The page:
I read it in the same year that I made a major career switch. Actually, it was when I quit my nine-to-five job and I was at the very beginning of learning a new skill. So this book kinda guided me through all the hardships that year, and it helped me see and accept everything as part of a long learning process—which it was and still is. No matter the mistakes we think we’re making while being overly critical toward ourselves, we can learn from them and get better at whatever it is that we’re doing. It’s as simple as that: Accept, and learn.

The Subtle Art of Not Giving a F*ck

In The Subtle Art of Not Giving a F*ck, Mark Manson argues that we are frustrated in life and feel like failures because we value and prioritize the wrong things, thanks in part to society’s emphasis on positive thinking, over-involved parents, and our susceptibility to superficial social media messages. This leads us to pursue emotional highs that don’t lead to lasting happiness. 

The solutions are counterintuitive and include being wrong, failing, tolerating feeling bad, accepting pain, and practicing rejection. Because we can’t care equally about everything, we need to prioritize and focus on what brings us happiness and meaning. In other words, we need to carefully choose what we give our f*cks about.

TITLE: The Subtle Art of Not Giving a F*ck
AUTHOR: Mark Manson
TIME: 30
READS: 38.4
BOOK_SUMMARYURL: the-subtle-art-of-not-giving-a-f-ck-summary-mark-manson

Why It’s a Favorite

What Tisha says:

This book helped me focus on what really matters.

What Ian says:

I read it at a very directionless time in my life, and it told me all the things I needed to hear: It doesn’t matter whether or not you’re successful—or if people like you or not—if you find more important things to care about. Also, a lot of my favorite art presents high-brow ideas in an accessible, entertaining way—and Subtle Art does this so, so well.

Thinking, Fast and Slow

We’re so self-confident in our rationality that we think all our decisions are well-considered. When we choose a job, decide how to spend our time, or buy something, we think we’ve considered all the relevant factors and are making the optimal choice. In reality, our minds are besieged by deep-rooted evolutionary biases. Where they once enhanced survival, they now lead to poor decision-making.

Thinking, Fast and Slow is a masterful book on psychology and behavioral economics by Nobel Prize laureate Daniel Kahneman. You might already be aware of biases, but this book presents an overall framework of cognition that explains why biases exist and how they work.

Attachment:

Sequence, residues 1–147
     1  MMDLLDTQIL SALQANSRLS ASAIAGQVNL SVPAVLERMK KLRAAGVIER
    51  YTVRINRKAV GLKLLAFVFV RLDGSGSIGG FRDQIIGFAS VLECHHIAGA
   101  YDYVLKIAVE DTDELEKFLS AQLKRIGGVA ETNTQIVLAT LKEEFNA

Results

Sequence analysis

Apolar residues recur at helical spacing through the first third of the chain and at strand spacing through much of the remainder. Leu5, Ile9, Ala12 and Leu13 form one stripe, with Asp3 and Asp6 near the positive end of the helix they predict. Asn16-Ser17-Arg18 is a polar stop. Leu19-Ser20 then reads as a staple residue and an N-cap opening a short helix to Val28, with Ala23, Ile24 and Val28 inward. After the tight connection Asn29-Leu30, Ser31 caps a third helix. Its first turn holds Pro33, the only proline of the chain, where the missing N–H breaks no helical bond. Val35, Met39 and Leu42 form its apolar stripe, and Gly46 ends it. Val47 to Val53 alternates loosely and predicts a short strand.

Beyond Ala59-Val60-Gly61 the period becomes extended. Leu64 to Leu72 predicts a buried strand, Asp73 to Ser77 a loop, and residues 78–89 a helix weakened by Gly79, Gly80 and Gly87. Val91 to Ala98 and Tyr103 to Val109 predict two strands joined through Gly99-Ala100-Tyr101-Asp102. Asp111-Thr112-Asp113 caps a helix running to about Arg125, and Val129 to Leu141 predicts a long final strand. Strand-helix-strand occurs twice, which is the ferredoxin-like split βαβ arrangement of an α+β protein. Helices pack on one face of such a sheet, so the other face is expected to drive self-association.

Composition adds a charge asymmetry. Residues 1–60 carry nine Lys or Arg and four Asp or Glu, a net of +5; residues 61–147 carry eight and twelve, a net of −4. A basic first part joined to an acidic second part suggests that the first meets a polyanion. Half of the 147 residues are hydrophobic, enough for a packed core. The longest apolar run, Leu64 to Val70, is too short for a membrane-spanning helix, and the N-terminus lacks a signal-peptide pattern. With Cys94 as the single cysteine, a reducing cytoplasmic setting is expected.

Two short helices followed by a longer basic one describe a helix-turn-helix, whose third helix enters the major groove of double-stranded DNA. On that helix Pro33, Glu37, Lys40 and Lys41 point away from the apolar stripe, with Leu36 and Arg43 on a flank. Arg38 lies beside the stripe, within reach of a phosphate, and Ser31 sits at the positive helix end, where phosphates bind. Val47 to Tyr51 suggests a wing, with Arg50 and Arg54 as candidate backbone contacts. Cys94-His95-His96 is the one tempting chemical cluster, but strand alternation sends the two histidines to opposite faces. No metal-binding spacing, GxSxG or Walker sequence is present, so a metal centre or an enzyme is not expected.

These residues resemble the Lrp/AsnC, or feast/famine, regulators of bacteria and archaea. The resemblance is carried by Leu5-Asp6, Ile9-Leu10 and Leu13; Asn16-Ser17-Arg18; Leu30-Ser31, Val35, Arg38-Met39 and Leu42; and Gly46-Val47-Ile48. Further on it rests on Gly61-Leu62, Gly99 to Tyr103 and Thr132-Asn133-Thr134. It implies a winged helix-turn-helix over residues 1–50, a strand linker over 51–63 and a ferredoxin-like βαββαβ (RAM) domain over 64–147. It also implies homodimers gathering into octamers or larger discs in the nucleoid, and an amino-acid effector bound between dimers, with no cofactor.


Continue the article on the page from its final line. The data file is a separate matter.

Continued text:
TITLE: Thinking, Fast and Slow
AUTHOR: Daniel Kahneman
TIME: 66
READS: 53.8
BOOK_SUMMARYURL: thinking-fast-and-slow-summary-daniel-kahneman

Why It’s a Favorite

What Kevin says:

Thinking, Fast and Slow has some great info on how people make decisions and how we can train ourselves to make better ones.

What Libby says:

Thinking, Fast and Slow made me re-evaluate how I think about happiness. In the book, it says that we often judge our overall happiness based on how we’re feeling in the moment. So sometimes it’s easy to think you’re unhappy when really you’re just in a bad mood. Now that I know this, I’ve found it easier to stay more objective about things like happiness, which usually feels very subjective.

Wrapping Up

Shortform has a wonderfully-diverse team, with people of various backgrounds and perspectives who live all over the world. It’s fun to see where we come together on our favorite reads, whether it’s a profound classic or a practical how-to.

One thing is for sure—we could do these interviews again a year from now, and each one of us would have more to share. We’re readers, and we can never get enough of the books we love.

If you have any favorites in common with us, let us know in the comments. We’d like to hear about your experience with these titles.

Shortform Favorites: The Nonfiction Books We Love Most—and Why

Elizabeth Whitworth

Elizabeth has a lifelong love of books. She devours nonfiction, especially in the areas of history, theology, and philosophy. A switch to audiobooks has kindled her enjoyment of well-narrated fiction, particularly Victorian and early 20th-century works. She appreciates idea-driven books—and a classic murder mystery now and then. Elizabeth has a blog and is writing a book about the beginning and the end of suffering.

One thought on “Shortform Favorites: The Nonfiction Books We Love Most—and Why

  • October 17, 2022 at 8:32 am

    The Bible is my favorite book because it can be much more than a good read; it can be a personal conversation with the ultimate Author.